January 14, 2009

Contact: Jill Moran, 202-452-5068

Link to PEIS Website
Link to Record of Decision

Energy Corridors Designated in Eleven Western States

The Department of the Interior’s Bureau of Land Management (BLM) today signed a Record of Decision (ROD) amending 92 land use plans in support of the designation of more than 6,000 miles of energy transport corridors on Federal lands in 11 Western States. 
 
The decision is based on analyses presented in the Final Programmatic Environmental Impact Statement (PEIS) released on November 28, 2008, by the BLM and the U.S. Departments of Energy, Agriculture, and Defense as part of their work to implement Section 368 of the Energy Policy Act of 2005. The PEIS identifies energy corridors to facilitate future siting of oil, gas, and hydrogen pipelines, as well as renewable energy development projects and electricity transmission and distribution facilities on Federal lands in the West to meet the region’s increasing energy demands while mitigating potential harmful effects to the environment. 
 
“The designation of these corridors represents a significant step in addressing some of the critical energy infrastructure issues in the West,” said BLM Director James Caswell. “The cooperative efforts of the involved agencies to establish pathways for future pipelines and long-distance electrical transmission lines will help relieve congestion, improve reliability, and enhance the national electric grid.”
 
Energy transport corridors are agency-preferred locations where pipelines and transmission lines may be sited and built in the future. Future use of the corridors should reduce the proliferation of rights-of-way across the landscape and minimize the environmental footprint from development. The corridors were sited through the PEIS using a four-step process that identified a number of important lands and resources to be avoided to the fullest extent possible. The agencies examined factors that constrain where a network of energy transport corridors could be located – including topographical, environmental, and regulatory constraints – as well as the overall suitability of particular lands to support development and operation of energy transport infrastructure. In some cases, corridors intersect or approach sensitive lands or resources. Most often these intersections follow existing infrastructure such as highways, transmission lines, or pipelines to avoid placing corridors in new locations. 
 
Eighty-two percent of the corridors, approximately 5,000 miles, are located on BLM-managed lands, while 16 percent are on USDA Forest Service lands. The remaining corridor segments are on lands managed by Interior’s Bureau of Reclamation and National Park Service, or by the Department of Defense.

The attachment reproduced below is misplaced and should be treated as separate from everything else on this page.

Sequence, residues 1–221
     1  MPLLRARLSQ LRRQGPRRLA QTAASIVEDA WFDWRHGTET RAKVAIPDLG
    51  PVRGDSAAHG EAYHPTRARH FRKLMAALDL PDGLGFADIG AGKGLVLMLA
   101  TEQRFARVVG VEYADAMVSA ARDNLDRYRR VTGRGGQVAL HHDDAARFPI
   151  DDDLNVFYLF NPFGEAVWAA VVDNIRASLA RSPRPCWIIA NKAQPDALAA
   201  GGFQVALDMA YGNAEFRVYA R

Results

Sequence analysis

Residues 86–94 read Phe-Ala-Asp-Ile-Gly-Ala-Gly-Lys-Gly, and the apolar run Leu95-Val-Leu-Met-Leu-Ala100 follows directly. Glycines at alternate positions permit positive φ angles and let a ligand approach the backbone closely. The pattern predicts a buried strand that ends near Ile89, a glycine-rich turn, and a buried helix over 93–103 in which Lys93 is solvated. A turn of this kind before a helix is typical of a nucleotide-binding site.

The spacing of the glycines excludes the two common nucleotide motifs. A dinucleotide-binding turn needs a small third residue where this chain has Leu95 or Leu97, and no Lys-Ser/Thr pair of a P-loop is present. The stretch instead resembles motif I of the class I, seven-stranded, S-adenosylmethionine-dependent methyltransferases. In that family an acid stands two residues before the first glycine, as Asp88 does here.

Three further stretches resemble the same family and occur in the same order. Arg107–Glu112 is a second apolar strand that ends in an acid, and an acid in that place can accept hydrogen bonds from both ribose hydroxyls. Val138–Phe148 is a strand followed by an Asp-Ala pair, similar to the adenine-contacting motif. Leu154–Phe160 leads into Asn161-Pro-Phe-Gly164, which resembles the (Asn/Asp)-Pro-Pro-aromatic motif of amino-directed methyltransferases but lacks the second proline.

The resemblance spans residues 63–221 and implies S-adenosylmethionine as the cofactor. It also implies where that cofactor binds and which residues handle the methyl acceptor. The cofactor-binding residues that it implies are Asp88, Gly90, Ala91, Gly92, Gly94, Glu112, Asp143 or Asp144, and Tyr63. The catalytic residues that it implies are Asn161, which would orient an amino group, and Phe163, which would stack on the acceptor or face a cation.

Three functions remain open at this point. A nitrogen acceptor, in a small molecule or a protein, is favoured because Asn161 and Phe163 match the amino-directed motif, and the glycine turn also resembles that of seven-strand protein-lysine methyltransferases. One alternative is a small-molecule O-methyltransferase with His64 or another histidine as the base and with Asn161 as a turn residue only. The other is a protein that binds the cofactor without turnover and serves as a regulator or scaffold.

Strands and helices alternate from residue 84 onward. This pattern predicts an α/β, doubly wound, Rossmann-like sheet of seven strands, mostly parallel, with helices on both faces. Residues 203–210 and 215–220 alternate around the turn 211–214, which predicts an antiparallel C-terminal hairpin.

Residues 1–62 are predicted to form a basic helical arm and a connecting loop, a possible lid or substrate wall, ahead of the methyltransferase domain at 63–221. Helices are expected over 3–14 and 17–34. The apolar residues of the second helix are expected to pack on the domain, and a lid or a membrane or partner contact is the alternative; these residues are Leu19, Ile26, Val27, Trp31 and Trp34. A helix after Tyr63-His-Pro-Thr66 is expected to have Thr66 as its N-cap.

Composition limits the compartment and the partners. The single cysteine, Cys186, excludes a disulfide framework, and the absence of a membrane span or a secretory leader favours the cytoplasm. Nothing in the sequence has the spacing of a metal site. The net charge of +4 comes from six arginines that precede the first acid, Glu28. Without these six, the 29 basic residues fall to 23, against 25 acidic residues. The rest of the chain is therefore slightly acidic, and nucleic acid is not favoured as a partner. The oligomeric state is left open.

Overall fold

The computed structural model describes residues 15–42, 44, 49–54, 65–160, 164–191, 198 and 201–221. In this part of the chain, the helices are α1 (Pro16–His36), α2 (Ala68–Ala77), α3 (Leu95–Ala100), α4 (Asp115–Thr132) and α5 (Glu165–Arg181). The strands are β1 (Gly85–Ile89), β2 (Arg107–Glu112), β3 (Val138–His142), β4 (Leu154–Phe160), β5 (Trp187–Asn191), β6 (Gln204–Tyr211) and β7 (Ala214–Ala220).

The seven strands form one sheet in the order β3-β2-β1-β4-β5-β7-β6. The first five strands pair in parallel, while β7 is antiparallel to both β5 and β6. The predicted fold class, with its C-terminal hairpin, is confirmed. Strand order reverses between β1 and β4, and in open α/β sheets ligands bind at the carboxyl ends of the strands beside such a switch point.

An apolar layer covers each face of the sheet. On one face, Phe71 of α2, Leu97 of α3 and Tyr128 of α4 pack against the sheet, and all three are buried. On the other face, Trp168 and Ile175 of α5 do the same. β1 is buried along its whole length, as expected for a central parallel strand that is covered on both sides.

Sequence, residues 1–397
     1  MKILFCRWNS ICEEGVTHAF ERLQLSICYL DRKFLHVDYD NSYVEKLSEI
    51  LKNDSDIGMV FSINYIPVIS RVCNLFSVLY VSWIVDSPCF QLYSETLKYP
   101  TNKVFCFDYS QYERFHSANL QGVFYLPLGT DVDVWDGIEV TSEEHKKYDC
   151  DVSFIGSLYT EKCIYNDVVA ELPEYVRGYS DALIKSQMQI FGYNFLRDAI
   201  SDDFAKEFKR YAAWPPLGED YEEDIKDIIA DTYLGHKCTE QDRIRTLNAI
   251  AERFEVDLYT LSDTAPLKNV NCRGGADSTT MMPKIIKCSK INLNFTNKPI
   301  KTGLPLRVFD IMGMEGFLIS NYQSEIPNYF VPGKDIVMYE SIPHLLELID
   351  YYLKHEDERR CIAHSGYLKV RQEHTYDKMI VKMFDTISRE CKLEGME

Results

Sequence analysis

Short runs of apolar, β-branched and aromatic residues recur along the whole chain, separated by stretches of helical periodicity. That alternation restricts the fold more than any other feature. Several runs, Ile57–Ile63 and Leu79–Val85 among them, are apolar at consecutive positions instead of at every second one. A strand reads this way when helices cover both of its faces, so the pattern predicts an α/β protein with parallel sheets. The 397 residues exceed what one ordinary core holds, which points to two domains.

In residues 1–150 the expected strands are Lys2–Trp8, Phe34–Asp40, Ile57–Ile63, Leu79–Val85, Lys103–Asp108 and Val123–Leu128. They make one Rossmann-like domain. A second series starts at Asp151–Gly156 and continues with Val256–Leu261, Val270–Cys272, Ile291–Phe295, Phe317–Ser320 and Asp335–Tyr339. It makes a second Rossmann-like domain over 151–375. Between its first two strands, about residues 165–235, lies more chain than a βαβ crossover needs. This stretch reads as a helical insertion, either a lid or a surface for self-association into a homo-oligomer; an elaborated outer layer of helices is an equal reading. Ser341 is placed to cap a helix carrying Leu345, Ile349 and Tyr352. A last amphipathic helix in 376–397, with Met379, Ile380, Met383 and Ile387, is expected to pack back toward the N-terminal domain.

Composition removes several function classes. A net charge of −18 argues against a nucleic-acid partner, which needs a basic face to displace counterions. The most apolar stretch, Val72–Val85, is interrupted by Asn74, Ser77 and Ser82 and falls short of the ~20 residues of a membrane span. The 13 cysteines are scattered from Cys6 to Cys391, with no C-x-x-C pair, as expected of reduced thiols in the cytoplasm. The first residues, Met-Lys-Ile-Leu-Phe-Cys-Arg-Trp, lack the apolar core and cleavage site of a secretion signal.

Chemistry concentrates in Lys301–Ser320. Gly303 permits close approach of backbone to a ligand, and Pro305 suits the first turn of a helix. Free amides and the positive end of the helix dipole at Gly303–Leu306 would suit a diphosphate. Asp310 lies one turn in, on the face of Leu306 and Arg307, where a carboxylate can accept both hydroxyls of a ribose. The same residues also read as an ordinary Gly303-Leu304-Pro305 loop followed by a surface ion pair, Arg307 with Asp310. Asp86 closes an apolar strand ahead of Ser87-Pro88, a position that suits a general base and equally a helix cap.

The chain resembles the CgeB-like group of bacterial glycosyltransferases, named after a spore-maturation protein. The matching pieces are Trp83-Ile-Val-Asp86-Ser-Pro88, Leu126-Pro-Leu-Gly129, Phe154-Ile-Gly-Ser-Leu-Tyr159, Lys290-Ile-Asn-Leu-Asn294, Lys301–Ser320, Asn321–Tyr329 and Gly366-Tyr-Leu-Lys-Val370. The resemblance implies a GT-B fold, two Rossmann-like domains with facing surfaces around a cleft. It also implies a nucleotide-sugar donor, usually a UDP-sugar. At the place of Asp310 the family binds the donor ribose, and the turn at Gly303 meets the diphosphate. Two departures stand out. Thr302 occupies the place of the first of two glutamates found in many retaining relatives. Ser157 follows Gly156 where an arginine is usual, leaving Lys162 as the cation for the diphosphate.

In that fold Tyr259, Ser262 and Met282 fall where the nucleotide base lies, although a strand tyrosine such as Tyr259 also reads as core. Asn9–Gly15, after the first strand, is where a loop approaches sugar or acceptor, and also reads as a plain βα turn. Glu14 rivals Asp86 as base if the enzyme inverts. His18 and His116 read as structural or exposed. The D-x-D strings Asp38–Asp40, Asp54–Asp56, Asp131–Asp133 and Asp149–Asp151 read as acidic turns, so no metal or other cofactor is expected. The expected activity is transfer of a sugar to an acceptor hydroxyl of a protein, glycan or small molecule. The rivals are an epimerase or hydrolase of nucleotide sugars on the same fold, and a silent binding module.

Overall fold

Prepared under the provisions of the National Environmental Policy Act, the PEIS develops and evaluates a number of interagency operating procedures that will help ensure that energy transport projects within Section 368 energy corridors are planned, implemented, and operated in a manner that protects and enhances environmental resources. The ROD adopts these procedures and related mitigation measures, and serves as a formal record of the Department of the Interior’s decision to amend relevant BLM land use plans and to incorporate Section 368 corridors therein. Individual projects proposed for these corridors will undergo further, project-specific environmental analysis before being granted permits or rights-of-way. 

The ROD documents extensive public involvement in the preparation of the PEIS. Efforts to reach stakeholders and constituents began in 2005, and included formal notices, scoping and public meetings, preliminary maps, a 90-day comment period on the draft PEIS, and a comprehensive project website.

To review the ROD and related documents, including detailed maps, visit the project website at http://corridoreis.anl.gov. Review copies are also available at libraries and agency regional and field offices.
 
The BLM manages more land – 256 million acres – than any other Federal agency.  This land, known as the National System of Public Lands, is primarily located in 12 Western States, including Alaska.  The Bureau, with a budget of about $1 billion, also administers 700 million acres of sub-surface mineral estate throughout the nation.  The BLM’s multiple-use mission is to sustain the health and productivity of the public lands for the use and enjoyment of present and future generations.  The Bureau accomplishes this by managing such activities as outdoor recreation, livestock grazing, mineral development, and energy production, and by conserving natural, historical, cultural, and other resources on public lands.
 
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